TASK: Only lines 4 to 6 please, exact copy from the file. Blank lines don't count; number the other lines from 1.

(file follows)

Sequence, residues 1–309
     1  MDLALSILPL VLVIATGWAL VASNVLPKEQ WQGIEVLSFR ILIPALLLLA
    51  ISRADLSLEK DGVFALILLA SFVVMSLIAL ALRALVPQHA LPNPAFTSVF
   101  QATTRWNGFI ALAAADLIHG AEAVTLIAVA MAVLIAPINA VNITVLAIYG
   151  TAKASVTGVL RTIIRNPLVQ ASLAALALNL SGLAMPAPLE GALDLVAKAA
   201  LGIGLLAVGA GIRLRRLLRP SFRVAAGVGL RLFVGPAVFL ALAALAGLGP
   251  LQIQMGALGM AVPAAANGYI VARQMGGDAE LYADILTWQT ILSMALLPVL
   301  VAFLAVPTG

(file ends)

   101  QATTRWNGFI ALAAADLIHG AEAVTLIAVA MAVLIAPINA VNITVLAIYG
   151  TAKASVTGVL RTIIRNPLVQ ASLAALALNL SGLAMPAPLE GALDLVAKAA
   201  LGIGLLAVGA GIRLRRLLRP SFRVAAGVGL RLFVGPAVFL ALAALAGLGP